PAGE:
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Viewing the future through a range of possibilities

08 March 2017 | Todd Schlanger

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Growing up in the United States, I never envisioned living outside the country. Nevertheless, I studied abroad in Australia and recent years have seen me working in Vanguard's offices in London, before most recently moving to Canada. With the benefit of hindsight, I know these moves are some of the best decisions I've made.

Having grown up as a southerly neighbour, I find some things about Canada feel familiar. Others are more uniquely Canadian: poutine (a Québécois delicacy made with french fries and cheese curd), Hudson's Bay department store, the country's affection for the rock band Tragically Hip, and Hockey Night in Canada, a national institution broadcast on the CBC.

I mention the winding road my career travels have taken because as investors we often seek precision regarding the future. We want to know how our portfolios are going to perform, and the reason is obvious – it would help us plan ahead!

Forecasting the future

However, it's the uncertainty regarding the markets for which we are compensated in the long run as investors.

It's with this in mind I recommend reading Vanguard's annual market and economic outlook. Our research spans the global macroeconomic environment, inflation, monetary policies, interest rates, equity and fixed income markets, as well as asset allocation considerations.

We use our proprietary Vanguard Capital Markets Model® to forecast distributions for ranges of potential outcomes. We believe the advantage in doing it this way is that we show a central tendency for the more likely outcomes, but also quantify the full range of outcomes investors may experience through a probabilistic approach.

Putting our outlook into perspective

One thing is clear from our outlook: The range of returns will likely be lower over the next ten years than we've experienced since the end of the Global Financial Crisis.

Our simulations suggest the central tendency for global fixed interest returns over the next decade will be in the 0%–2% range and the 5%–8% range for global equities. The return of a balanced portfolio of 60% equities and 40% bonds is expected to centre in the 2%–4% range, below the actual average real return of 4.9% for the same portfolio since 1926.

Taking this into account, I'd like to highlight three things investors can do to increase their chances of investment success regardless of what the future holds:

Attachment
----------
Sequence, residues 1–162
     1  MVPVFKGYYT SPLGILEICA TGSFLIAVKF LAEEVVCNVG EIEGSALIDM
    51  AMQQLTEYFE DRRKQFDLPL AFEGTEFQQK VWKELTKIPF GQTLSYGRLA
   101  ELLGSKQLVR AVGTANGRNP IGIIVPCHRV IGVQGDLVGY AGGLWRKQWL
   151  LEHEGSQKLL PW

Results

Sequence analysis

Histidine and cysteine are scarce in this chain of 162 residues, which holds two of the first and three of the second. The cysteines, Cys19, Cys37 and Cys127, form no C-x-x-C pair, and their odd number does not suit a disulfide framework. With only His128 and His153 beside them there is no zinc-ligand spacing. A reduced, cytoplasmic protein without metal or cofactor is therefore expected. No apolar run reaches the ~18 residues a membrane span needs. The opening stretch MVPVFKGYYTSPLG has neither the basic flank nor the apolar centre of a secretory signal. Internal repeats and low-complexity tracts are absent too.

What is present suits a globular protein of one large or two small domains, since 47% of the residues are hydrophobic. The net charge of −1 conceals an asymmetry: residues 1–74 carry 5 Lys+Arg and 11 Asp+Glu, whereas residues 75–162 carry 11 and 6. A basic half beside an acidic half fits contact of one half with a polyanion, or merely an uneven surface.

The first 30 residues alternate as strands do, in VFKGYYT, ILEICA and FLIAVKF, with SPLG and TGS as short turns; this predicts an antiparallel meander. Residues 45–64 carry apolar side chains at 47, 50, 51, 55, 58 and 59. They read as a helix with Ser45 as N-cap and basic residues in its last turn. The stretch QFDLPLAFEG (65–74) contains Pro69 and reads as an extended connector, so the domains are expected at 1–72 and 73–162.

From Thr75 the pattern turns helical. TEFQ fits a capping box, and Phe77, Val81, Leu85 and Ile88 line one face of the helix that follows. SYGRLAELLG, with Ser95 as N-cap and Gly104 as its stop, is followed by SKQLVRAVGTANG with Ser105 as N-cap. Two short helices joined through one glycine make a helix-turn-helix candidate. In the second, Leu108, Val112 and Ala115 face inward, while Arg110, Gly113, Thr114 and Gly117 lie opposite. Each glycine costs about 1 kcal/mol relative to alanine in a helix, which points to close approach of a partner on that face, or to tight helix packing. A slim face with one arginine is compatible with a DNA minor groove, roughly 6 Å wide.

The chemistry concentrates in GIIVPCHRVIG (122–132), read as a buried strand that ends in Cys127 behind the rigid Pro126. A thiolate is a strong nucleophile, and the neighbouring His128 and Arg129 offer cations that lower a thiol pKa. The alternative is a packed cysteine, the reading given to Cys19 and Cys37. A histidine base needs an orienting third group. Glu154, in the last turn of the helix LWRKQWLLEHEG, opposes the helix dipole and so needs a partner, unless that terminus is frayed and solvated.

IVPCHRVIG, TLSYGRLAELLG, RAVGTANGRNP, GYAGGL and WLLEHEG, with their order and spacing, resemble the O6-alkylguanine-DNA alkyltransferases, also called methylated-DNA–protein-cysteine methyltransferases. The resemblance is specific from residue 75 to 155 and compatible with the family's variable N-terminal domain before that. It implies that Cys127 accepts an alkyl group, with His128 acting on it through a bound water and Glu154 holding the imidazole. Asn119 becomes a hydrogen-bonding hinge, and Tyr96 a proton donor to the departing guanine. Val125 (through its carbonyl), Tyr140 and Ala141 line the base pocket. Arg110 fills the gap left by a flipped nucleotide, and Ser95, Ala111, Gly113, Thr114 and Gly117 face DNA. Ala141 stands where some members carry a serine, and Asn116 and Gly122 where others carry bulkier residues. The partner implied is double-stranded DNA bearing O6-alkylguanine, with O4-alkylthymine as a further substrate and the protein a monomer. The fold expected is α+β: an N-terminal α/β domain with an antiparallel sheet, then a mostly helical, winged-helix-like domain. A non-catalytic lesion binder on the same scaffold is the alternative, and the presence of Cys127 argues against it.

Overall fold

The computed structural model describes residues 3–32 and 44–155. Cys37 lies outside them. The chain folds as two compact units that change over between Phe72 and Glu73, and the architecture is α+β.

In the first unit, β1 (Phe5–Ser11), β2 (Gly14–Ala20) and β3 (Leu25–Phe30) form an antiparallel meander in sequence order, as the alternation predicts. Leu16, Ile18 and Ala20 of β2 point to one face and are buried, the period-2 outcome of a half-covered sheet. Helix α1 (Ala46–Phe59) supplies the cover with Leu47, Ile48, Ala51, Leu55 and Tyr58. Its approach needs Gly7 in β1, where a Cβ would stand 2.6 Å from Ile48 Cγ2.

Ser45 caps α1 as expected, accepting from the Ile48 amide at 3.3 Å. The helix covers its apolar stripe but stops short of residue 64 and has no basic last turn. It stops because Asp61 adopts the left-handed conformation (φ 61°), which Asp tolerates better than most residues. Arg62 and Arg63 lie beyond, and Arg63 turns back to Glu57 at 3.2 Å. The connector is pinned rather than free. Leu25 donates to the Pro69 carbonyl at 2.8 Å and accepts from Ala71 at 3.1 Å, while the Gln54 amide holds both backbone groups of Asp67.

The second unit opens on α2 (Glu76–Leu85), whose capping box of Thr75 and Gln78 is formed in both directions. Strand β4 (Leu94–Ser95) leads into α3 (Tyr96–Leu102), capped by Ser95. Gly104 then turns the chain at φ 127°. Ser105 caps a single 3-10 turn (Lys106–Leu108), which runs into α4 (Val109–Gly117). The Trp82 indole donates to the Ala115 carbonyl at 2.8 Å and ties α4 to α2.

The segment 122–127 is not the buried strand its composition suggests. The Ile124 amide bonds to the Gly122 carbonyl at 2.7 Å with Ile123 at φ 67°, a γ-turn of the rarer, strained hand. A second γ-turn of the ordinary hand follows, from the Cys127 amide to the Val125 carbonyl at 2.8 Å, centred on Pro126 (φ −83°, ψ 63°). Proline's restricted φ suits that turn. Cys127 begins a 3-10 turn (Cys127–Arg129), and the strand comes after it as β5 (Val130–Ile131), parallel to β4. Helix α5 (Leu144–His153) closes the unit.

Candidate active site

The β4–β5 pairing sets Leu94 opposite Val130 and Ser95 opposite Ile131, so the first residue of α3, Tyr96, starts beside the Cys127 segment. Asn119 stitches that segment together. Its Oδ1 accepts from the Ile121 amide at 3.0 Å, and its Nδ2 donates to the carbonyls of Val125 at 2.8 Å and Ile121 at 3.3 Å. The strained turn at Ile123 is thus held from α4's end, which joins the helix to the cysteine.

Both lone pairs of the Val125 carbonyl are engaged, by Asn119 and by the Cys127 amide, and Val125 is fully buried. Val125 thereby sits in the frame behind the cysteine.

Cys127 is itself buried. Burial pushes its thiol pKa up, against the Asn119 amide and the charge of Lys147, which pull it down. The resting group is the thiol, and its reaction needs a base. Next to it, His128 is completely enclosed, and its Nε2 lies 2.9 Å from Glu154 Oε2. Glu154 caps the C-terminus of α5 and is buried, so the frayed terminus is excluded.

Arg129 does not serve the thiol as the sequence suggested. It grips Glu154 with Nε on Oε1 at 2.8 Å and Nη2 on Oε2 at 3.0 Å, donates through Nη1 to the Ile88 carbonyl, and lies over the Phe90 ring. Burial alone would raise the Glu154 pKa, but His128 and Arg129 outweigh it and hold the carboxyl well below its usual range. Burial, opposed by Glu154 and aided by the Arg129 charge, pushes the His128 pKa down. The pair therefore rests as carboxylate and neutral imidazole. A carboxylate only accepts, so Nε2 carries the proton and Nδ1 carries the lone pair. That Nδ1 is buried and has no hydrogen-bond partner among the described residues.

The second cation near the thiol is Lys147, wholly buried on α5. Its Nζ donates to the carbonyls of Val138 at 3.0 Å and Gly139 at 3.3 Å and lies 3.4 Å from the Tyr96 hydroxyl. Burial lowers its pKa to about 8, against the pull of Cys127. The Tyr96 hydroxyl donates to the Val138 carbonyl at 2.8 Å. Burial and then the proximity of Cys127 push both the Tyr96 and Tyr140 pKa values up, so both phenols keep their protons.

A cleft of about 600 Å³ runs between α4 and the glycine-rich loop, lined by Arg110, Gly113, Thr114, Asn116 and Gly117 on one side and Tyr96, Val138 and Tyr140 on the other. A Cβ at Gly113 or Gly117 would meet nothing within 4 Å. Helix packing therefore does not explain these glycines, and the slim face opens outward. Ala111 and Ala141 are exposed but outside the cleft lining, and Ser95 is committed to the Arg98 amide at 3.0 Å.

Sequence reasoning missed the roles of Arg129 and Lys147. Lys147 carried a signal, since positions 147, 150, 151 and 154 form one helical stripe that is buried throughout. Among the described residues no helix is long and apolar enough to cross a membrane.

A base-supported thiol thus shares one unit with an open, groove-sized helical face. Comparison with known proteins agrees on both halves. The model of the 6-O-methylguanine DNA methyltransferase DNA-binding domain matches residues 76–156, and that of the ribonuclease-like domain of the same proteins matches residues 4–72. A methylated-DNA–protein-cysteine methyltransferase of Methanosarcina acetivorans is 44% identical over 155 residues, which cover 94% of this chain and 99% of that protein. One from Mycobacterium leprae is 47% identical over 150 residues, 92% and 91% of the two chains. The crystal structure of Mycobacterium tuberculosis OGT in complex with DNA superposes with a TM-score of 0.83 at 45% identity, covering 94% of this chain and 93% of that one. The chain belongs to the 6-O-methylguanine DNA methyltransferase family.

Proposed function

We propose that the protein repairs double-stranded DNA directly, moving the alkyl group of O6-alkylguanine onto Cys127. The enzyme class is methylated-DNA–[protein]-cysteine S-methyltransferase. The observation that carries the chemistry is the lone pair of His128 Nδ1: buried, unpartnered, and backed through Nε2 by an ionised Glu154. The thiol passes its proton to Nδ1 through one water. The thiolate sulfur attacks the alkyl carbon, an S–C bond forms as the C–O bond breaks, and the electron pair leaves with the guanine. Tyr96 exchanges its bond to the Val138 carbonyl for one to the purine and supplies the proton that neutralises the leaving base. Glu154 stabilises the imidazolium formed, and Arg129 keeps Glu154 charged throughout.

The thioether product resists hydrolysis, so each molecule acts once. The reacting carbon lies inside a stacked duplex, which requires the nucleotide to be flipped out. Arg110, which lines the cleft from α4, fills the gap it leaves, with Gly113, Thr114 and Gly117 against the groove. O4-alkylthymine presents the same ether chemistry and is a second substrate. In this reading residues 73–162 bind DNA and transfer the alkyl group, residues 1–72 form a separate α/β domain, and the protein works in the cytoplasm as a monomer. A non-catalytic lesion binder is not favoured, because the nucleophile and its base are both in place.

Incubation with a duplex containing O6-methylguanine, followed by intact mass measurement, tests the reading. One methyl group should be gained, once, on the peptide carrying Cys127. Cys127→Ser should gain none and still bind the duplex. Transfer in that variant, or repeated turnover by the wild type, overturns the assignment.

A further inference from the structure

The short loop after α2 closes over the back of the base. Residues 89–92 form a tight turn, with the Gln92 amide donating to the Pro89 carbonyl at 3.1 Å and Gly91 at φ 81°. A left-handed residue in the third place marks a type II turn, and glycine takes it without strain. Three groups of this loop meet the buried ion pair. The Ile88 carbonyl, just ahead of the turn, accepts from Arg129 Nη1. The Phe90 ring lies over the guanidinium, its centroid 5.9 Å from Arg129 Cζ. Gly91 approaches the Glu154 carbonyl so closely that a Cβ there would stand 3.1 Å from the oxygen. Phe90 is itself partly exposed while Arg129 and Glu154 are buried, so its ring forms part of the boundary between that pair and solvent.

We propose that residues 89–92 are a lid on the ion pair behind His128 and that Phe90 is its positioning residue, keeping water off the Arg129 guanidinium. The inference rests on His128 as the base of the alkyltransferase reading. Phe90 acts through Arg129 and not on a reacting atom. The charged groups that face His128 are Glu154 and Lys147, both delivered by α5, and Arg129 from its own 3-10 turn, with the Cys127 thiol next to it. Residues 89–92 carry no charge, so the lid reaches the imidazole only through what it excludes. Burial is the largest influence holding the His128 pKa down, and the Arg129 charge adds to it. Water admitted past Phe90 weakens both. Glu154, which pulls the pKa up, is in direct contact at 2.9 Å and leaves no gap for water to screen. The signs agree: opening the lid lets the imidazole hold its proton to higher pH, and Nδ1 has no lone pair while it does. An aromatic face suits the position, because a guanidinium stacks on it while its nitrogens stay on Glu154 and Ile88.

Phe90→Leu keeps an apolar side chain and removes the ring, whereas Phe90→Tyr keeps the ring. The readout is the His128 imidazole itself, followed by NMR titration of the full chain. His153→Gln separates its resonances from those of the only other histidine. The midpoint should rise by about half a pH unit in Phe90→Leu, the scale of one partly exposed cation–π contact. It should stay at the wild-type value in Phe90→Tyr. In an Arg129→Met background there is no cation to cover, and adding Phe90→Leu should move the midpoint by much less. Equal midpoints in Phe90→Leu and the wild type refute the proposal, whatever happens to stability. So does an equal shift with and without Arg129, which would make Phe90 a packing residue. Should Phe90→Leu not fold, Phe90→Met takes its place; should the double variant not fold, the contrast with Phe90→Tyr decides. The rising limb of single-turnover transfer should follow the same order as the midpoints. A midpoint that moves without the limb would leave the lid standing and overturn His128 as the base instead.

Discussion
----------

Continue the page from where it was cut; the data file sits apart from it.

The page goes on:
• Save more for retirement by increasing their savings rates or working a few extra years.
  • Plan on spending less from their portfolios in the drawdown years.
  • Reduce the bite costs take from their investment returns.

The first two options can have the most impact but can be difficult to implement in practice. Reducing costs is an often overlooked option but can also be very effective.

The figure below illustrates this by showing the percentage of return consumed by investment costs at various hypothetical returns. As you move from right to left, it's notable that the percentage of returns going to costs increases exponentially for higher-cost portfolios (represented by the 100 bps and 150 bps lines) while this percentage remains low for the lower-cost portfolios (represented by the 5 bps and 20 bps lines).

Why low costs matter more when returns are low

Percentage of return claimed by costs for various hypothetical returns:

Note: bps=basis points. This hypothetical example is for illustrative purposes only and does not represent any investment. Source: Vanguard.

These small differences in costs compound to big differences in the long run. For example, using the two middle lines in the figure of 20 bps and 100 bps, the difference between investing £10,000 in a portfolio earning a hypothetical real return of 3% over 10 years at the two costs is £1,019 (£13,173 and £12,154 respectively) or about 10% of the initial investment.

I think Albert Einstein said it best: "Compound interest is the eighth wonder of the world. He who understands it, earns it … he who doesn't … pays it."

What investors can control

So much about investing is outside our control. Savings, spending and costs are not. Keeping costs low will ensure they remain a low percentage of returns regardless of what the markets deliver over the next ten years.

After all, as I've learned during my travels, it's best to always prepare for the unexpected. I look forward to exploring more of Canada. I've heard British Columbia is quite beautiful – and that I should bring an umbrella!

Important information:

This document is directed at professional investors and should not be distributed to, or relied upon by, retail investors. It is designed for use by, and is directed only at, persons resident in the UK.

This article was produced by The Vanguard Group, Inc. It is for educational purposes only and is not a recommendation or solicitation to buy or sell investments.

The value of investments, and the income from them, may fall or rise and investors may get back less than they invested. Any projections should be regarded as hypothetical in nature and do not reflect or guarantee future results.

The opinions expressed in this article are those of the individual author and may not be representative of The Vanguard Group, Inc.

Issued by Vanguard Asset Management, Ltd, which is authorised and regulated in the UK by the Financial Conduct Authority.

VAM-2017-02-22-4373

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